Devil invaded one of the Spedators. As foon as di» 
People perceived the Signs which denoted the Pre- 
fence of the Dtemon, they flocked to him in Crowds, 
to hear the Oracles which he was to deliver. A Chriftian 
went through that Place by chance ; which was fuffi- 
cient to make the Devil filent: At that very moment h& 
left off anfwering thofe, who asked him fcveral Que- 
ftions about the Succefs of thing? to come. The De- 
vil being fully, refolved to remain filent, fome body 
^d there was certainly % Chriftian in the Ailembly : 
■'■■■'■■■■■-■ " Wbere- 


ARt.6S* ^Literature. 311 

" Wbereup(M( thUy lo<^ed for him ^ but be made his 
** Efcape, and fled in hafte to our Church. 

The two following Letters were written by Fadier 
Martin to Father di yilletie, to whom he gives an Ac- 
f!ount of the Progrefi of Rel^on in rhe MiSion of Ma- 
dure. They are hill of curious Events, which difcover 
the Genius of the IrnHani, their InclinationSj the Beha- 

' viour of the MUfionaries among them, and the Perfecuti- 
ons to which theNewChriftiansarc continually -expofed. 
T^s not lone fincc two Po«s, one of which was a 
Brame, and the other a Neephjtf, were like m occalkin a 
new Perfecutiom at Frnjawr. " Several Pons haviiig 
" recited Veries in Honour of the &]ie Gods before die 
" King, who pretends to underitand Poetry, an unknown 
" Poer (tie Br^w) roieupinthemidit of the Aflembly;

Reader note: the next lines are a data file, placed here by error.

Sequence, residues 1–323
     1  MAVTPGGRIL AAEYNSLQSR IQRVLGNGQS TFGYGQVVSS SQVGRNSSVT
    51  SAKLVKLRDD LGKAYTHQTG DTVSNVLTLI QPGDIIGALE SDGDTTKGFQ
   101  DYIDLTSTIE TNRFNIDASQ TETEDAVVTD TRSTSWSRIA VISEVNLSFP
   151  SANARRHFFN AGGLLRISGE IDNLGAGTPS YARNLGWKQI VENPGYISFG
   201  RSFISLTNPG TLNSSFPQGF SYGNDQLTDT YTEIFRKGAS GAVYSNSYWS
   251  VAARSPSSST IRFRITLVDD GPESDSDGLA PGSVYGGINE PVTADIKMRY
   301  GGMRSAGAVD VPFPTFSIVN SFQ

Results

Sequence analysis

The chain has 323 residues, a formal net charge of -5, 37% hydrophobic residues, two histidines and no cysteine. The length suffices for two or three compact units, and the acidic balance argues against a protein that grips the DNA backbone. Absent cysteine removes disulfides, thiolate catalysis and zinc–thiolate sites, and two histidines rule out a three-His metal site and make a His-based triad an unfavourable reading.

" and ijx)ke theft Words : Ton htfimajovr Encomums *p- 

• " oa Chaaerical Deities ; thej do not defirve the Praifes ytu 
" heap upon them. None hut the Swfrtnte Being ought to 
" be acktiov:U<^ed a true God: None but he defirves your 
" Homage and your jidoration ". 

This Difcourie prpvoked the Pride of the other Poets- 

■■^inft him: The King protnifedto bring him to an 
Account for fuch a t>™i Aflertion. Tm Chriftiais 
were (ii^>e^ied to have induced that Man to {peak. Fa- 
ther dfTu^/i&o, -Director of the Miffion, uiu^took to 
inftnidt, and enable him to maintain what he had ad- 
vanced. The Brame reftifed his Oficrs ; which made die 

" Miffionaries afraid of his Ignorance, and the Coniequen- 
ces of his Rafhnefi. " Thoft Confcqdences, adds Fa- 
" ther Martin, were the more dangerous , becaufe the , 
" King was already very much eitafecrated by ibme other